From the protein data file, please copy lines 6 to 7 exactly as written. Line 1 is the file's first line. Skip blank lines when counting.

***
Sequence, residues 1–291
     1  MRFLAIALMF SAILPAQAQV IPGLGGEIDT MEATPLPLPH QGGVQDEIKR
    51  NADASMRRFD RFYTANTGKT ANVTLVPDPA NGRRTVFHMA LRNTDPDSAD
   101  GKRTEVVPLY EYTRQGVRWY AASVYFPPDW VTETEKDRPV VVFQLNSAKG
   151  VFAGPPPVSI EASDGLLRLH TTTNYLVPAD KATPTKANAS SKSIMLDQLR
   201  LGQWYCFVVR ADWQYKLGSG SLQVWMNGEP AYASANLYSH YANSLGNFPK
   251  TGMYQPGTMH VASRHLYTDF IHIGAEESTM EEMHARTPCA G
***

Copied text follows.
   201  LGQWYCFVVR ADWQYKLGSG SLQVWMNGEP AYASANLYSH YANSLGNFPK
   251  TGMYQPGTMH VASRHLYTDF IHIGAEESTM EEMHARTPCA G